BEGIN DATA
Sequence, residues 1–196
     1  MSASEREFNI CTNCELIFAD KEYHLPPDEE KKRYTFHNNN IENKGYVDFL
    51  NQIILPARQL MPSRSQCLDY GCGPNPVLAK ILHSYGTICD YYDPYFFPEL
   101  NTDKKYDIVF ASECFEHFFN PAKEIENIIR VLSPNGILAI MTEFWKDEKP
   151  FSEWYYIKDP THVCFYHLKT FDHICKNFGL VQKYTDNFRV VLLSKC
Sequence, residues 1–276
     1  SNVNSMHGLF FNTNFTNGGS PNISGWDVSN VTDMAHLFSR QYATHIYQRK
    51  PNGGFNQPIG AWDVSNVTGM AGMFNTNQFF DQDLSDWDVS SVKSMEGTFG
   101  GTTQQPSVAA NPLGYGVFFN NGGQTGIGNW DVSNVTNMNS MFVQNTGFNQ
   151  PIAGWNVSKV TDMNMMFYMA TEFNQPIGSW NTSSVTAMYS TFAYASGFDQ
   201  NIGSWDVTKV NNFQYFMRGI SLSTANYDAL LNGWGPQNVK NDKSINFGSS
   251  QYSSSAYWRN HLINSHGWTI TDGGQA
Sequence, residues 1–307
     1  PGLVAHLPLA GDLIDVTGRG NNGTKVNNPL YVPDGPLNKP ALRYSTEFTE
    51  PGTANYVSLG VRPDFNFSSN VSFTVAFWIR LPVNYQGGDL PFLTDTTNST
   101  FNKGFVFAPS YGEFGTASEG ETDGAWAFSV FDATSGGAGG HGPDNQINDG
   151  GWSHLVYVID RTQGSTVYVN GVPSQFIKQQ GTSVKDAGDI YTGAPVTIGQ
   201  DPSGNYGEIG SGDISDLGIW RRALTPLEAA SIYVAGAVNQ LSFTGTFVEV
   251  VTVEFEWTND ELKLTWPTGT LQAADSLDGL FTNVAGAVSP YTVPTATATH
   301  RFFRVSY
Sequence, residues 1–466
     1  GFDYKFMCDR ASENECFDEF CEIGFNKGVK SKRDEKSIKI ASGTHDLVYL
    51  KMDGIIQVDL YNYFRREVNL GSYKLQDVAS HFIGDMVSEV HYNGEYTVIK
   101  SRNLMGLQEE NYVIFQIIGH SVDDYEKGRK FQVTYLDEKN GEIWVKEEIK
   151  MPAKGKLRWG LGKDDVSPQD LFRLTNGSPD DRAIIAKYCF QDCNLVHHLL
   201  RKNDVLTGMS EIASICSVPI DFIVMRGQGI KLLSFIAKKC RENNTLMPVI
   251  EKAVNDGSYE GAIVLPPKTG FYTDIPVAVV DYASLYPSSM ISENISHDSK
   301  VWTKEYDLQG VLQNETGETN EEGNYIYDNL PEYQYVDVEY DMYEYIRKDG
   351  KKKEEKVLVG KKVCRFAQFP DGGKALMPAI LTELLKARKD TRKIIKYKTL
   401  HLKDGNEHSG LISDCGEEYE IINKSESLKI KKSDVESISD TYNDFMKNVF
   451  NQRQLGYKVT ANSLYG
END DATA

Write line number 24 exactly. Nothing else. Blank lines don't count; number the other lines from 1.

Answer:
   101  SRNLMGLQEE NYVIFQIIGH SVDDYEKGRK FQVTYLDEKN GEIWVKEEIK